An Inconvenient Convergence

Appearing in mainstream media more and more frequently is coverage of the food riots that are breaking out across the globe. These sometimes violent riots reflect the food crisis that was, not long ago, a future prediction. Now, the global food crisis is upon us and is spurring debate, and creating very real consequences, about crop diversity, gas prices and biofuels, urbanization, global warming and environmental changes, and the concentrated food market. To put this numerically, the number of people who will suffer from the convergence of these factors is expected to rise from 850 million to 950 million. Food prices globally have seen an 83% increase. What follows are short overviews of some articles that seek to clarify the influence of these factors and what can be done to lessen their impact.

Two very important factors in the crisis are crop diversity and the reliance on imported food. Less crop diversity makes countries vulnerable to problems of supply and demand, which is playing out now in Latin and South America. Compounding the problem is the reliance of many countries on imported food, which was cheap, but only until recently.People are now calling for the recovery of crop diversity, and, in the process, preserving knowledge and improving nutrition. Read the full article here.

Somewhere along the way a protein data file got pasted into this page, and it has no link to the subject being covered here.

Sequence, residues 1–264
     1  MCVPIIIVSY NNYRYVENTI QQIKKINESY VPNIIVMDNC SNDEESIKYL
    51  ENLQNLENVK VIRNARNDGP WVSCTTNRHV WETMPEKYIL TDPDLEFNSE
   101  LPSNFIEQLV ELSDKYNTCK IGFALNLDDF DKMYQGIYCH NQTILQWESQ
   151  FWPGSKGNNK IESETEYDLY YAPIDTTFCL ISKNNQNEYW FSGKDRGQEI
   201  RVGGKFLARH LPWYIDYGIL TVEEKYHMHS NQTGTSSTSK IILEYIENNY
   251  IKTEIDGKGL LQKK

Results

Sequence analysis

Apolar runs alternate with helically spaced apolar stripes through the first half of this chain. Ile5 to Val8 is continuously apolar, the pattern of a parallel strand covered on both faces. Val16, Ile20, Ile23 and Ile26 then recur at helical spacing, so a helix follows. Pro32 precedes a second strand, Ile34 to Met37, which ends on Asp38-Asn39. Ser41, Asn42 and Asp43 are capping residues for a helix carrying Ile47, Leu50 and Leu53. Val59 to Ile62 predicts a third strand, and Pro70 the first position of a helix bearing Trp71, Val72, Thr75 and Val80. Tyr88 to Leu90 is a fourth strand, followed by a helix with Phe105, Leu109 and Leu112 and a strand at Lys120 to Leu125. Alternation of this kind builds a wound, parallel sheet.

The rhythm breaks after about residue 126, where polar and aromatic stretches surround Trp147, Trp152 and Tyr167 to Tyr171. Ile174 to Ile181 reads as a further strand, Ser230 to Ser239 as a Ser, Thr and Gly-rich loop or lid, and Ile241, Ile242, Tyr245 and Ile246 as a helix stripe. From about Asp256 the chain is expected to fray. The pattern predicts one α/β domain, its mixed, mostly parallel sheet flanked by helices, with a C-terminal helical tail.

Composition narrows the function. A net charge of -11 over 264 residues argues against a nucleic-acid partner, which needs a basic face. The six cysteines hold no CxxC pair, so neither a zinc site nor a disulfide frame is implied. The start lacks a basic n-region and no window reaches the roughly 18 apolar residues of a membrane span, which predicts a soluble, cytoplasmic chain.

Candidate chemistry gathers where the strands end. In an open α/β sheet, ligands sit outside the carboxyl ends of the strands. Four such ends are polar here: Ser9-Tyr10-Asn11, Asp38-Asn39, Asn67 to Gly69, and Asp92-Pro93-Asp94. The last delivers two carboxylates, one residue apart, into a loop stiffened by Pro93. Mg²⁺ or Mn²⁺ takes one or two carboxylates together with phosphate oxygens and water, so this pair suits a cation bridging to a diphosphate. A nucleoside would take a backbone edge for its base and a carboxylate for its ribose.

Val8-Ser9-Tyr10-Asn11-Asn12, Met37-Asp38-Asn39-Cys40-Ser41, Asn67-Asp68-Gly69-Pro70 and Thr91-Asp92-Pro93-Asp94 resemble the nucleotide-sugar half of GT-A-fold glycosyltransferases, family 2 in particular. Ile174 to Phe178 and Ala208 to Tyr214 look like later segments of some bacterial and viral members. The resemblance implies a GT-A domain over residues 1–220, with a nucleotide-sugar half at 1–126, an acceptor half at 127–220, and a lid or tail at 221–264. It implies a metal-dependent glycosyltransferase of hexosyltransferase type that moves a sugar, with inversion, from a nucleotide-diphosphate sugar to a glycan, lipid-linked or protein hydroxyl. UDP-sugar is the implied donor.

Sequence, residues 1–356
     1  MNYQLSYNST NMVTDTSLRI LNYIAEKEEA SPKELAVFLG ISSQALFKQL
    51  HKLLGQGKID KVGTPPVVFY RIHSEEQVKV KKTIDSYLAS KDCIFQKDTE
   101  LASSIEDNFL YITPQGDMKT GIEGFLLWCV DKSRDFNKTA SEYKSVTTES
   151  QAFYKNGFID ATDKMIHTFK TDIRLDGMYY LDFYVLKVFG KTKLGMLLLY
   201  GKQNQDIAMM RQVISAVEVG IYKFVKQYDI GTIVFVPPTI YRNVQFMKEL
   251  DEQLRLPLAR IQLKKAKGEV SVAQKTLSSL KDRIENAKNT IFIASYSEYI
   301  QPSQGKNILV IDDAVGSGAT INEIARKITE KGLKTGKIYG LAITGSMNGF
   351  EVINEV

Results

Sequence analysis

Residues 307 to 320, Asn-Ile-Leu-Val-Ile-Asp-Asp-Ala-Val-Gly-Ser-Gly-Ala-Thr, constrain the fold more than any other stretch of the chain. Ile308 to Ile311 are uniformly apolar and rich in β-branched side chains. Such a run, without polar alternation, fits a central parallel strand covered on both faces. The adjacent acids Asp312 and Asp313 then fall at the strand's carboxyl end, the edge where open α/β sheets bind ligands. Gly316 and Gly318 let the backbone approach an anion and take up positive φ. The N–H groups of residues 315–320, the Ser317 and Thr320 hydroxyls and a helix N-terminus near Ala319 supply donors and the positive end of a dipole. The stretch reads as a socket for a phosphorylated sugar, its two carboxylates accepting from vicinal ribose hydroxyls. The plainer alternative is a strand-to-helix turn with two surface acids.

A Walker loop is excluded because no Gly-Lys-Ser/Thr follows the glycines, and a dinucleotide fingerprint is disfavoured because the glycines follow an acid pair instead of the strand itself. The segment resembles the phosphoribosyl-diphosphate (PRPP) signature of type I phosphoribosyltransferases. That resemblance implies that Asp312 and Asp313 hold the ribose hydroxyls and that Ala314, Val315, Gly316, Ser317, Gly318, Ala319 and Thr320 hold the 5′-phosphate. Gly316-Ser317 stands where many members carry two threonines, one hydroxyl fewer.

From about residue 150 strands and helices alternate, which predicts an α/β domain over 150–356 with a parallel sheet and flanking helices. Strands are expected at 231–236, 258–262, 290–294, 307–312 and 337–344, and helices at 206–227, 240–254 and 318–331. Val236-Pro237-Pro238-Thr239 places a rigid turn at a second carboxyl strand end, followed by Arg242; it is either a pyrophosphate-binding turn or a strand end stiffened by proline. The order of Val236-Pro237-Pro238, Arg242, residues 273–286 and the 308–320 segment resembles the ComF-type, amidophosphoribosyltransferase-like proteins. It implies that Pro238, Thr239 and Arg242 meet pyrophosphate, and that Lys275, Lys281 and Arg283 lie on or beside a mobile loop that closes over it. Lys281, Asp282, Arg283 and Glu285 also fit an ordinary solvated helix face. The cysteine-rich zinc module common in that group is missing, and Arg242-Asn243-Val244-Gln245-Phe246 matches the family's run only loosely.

Many compartmentalize the food crisis into these neat categories: the conversion of land from food production to fuel production, the effect of global warming on small farmers, and the dangers of a concentrated food market. The world has witnessed the collapse of Haiti’s rice market, resulting in headline-making food riots. In Mexico, we have seen the rise of corn and gas prices and the concentration of the corn market due to NAFTA policies. Recent events in Myanmar have brought into focus the need for getting to the root of the global food crisis. One of the lesser talked about factors in the market changes is “the hike in speculation as investors search for new opportunities to make money out of money.” With that said, people are moving to make changes. Instead of seeing signs of food crisis as ominous, one writer argues, they “should be seen as wake-up calls to fix our most vital link to each other and to life itself—the food system.” Read the full article here.

In a Working Paper for the Center for Geoeconomic Studies, Laurie Garrett uses the cyclone in Myanmar as a springboard to address the mistakes in humanitarian food polices, and offers insights for a better way forward. Read the full article here.

Also see the petition circulating by One: The Campaign to Make Poverty History, “Stop the Hunger Crisis.”

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  1. Anonymous2:39 PM

    With both food and gas prices rising, maintaining a livable standard of living is becoming more and more difficult. Compounding these price rises is the drop in home prices and mortgage foreclosures occurring across the country. Of course the hardest hit are the poor, followed by the rest of the lower and middle classes. Things are not looking too good in the U.S. these days, and the rest of the world seems to be paying the price as well.

  2. Anonymous3:15 PM

    This AFP article, "World at 'alarming juncture' as leaders gather for FAO summit" describes the UN response to the global food crisis, including discussions of "short-term solutions as well as new strategies to deal with the effects of global warming, growing demand for biofuels and a crumbling agriculture sector in much of the developing world." Ahead of the conference, according to the article, battle lines are being drawn at protests around the world.


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